The possession date determines when the seller needs to be out of the home so the buyer can occupy it. On vacant houses, the possession date is usually within 24 hours of closing on the property. If the seller needs some time to close on a new place to live, however, the buyer can put a 45-day possession date. This possession date might sweeten the deal and get the seller to choose that offer out of similar ones!
Getting Out of a Real Estate Purchase Agreement
If you want out of the deal, it’s best to do so before the contingencies are met. Jumping ship after all the contingencies are meant could mean losing your earnest money at the very least, and getting sued at the most. Before you sign off on those contingencies, make sure you really want to go through with the house.
Who draws up the real estate purchase agreement?
The buyer’s agent is usually the one that draws up the agreement. It’s important for you as the buyer to choose an experienced agent to make sure the contract is drawn up correctly. You especially want an agent that is experienced in the type of sale you are completing. If the home is selling via short sale, it is imperative that you choose an experienced agent to write up the contract complete with contingencies. The process of closing on a short sale is a long one, so you want to make sure if you find another house that is better suited to your needs, that you’re able to pounce on it.
- Home Buyer Rebate Without Negotiating
- How To Save on Realtor Commission Without Sacrificing Service
- Low Commission Real Estate Agents
What if I am not working with a real estate agent?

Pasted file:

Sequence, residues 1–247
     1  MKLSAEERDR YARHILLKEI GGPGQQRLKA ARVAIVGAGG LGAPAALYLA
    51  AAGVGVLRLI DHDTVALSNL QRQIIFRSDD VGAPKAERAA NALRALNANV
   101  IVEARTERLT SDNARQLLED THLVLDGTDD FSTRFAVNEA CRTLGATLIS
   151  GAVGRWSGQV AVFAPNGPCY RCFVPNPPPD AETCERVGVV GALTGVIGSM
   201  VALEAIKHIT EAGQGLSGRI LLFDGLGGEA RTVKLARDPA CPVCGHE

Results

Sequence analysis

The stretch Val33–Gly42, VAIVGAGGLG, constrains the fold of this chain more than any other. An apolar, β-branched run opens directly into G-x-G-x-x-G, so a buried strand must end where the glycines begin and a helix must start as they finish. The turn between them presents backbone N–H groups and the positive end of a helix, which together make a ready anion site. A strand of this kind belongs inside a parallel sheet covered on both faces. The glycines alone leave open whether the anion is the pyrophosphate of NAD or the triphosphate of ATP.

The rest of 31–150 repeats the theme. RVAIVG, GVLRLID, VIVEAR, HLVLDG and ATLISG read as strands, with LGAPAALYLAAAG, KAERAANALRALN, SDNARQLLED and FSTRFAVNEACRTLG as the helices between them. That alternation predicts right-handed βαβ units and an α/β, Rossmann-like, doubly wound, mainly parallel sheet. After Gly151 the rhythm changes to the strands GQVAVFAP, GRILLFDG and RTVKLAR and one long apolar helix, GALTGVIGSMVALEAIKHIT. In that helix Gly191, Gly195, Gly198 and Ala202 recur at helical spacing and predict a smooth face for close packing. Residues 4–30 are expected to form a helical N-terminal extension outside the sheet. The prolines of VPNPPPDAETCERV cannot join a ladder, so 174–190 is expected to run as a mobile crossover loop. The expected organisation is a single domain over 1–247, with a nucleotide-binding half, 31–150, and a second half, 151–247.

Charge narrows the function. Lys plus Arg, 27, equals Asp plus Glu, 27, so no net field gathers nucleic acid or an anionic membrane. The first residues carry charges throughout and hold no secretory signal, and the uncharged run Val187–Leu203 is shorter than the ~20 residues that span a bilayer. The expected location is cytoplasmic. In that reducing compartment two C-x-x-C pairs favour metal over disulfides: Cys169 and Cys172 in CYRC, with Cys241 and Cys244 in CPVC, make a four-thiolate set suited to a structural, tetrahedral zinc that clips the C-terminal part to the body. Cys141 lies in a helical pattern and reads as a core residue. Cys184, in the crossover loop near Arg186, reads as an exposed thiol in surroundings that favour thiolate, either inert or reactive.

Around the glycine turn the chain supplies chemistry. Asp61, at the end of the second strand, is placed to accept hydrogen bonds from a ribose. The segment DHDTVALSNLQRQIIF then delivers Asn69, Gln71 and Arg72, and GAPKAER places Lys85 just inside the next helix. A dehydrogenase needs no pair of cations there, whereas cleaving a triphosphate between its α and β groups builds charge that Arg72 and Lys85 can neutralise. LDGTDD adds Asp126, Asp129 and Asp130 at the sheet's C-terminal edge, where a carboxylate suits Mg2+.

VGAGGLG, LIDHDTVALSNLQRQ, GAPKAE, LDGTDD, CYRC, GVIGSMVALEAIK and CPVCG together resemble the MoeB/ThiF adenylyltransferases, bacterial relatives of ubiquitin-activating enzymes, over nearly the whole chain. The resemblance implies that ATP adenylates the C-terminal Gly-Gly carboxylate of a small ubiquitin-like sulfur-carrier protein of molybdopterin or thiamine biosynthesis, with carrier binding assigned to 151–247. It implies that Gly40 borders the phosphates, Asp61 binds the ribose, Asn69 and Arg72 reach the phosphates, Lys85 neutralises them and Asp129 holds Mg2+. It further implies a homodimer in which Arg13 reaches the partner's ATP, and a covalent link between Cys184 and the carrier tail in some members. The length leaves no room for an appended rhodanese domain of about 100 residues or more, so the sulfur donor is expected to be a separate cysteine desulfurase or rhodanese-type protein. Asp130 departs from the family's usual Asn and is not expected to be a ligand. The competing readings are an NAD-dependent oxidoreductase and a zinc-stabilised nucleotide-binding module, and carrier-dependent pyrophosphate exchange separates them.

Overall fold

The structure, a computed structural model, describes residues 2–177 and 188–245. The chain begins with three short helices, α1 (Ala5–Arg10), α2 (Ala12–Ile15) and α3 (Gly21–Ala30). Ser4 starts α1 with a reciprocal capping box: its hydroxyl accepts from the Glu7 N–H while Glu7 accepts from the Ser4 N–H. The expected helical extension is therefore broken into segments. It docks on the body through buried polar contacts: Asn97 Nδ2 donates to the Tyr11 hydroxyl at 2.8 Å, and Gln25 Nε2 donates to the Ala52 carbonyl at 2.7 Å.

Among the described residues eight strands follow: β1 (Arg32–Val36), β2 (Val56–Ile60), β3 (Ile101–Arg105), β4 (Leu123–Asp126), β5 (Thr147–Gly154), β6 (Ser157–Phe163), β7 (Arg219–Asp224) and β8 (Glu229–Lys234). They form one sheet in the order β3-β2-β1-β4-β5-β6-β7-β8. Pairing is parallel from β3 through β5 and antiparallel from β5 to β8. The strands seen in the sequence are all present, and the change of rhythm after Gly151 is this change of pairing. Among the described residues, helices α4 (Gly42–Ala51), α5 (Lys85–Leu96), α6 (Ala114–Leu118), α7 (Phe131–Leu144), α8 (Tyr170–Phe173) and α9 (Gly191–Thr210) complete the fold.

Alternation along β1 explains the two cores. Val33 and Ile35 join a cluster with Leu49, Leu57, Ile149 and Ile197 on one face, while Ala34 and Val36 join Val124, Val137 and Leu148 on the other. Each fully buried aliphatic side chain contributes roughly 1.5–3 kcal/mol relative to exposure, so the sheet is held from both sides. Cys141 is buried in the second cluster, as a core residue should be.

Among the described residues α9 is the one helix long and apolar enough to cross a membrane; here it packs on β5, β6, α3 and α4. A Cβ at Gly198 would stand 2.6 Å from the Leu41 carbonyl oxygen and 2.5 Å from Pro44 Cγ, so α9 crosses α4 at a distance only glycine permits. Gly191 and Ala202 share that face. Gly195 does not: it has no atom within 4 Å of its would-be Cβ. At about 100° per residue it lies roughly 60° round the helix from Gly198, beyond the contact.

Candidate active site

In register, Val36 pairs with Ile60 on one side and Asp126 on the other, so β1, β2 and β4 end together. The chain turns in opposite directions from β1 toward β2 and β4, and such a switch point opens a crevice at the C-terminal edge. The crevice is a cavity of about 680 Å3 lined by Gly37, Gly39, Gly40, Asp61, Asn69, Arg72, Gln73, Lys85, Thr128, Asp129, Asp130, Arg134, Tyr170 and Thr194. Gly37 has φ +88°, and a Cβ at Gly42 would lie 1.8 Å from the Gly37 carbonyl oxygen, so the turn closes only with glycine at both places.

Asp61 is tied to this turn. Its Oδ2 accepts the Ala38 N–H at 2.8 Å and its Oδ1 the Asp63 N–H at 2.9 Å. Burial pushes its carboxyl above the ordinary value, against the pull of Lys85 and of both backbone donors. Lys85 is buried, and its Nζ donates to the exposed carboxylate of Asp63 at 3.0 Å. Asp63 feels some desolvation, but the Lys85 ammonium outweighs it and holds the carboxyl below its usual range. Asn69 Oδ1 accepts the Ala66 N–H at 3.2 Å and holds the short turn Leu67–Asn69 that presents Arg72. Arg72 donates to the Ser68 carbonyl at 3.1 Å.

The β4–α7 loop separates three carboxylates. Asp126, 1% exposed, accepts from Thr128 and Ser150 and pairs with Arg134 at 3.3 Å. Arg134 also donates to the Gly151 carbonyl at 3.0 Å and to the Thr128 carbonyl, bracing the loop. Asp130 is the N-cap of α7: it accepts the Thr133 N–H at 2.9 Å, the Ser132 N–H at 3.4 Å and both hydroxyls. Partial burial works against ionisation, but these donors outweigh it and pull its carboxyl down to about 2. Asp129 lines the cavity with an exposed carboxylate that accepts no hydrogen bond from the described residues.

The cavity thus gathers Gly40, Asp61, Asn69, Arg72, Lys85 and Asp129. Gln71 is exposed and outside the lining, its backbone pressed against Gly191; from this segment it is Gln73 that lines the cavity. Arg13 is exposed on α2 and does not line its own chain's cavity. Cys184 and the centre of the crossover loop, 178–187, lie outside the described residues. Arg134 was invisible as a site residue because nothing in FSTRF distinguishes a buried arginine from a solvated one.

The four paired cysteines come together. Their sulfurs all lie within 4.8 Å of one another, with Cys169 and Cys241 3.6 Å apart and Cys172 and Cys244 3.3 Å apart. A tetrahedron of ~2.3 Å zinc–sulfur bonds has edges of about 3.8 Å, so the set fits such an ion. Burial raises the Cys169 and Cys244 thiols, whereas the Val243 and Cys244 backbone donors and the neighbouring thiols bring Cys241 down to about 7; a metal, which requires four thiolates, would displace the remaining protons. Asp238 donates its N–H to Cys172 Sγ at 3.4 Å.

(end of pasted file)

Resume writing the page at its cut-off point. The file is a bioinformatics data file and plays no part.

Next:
If you choose not to work with a real estate agent when purchasing a house, it may be tempting to buy a generic real estate purchase agreement online. You are definitely within your rights to do that, but remember how much money you are working with. If something goes wrong and the contract ends up being something you disagree with after it’s signed, you may be stuck. Rather than purchasing a completed agreement– or even writing one yourself– that you hire a real estate lawyer or real estate agent specifically to draft your contract. When you use a professional that is completely on board with your goals, you can rest assured that the contract will be reflective of those goals.
- Do You Need a Real Estate Agent?
- How To Price Your Home To Sell Quickly (For Top Dollar)
- Is It Better to Sell Your House FSBO?
Have questions about closing on your home? Clever can help. At Clever, we work with the top agents in your area to provide you with the level of service you deserve. Call us today at 1-833-2-CLEVER or fill out our online form to get started.
Sell or Buy a Home with Clever and Save Thousands!
Enter your zipcode to see if Clever has a partner agent in your area!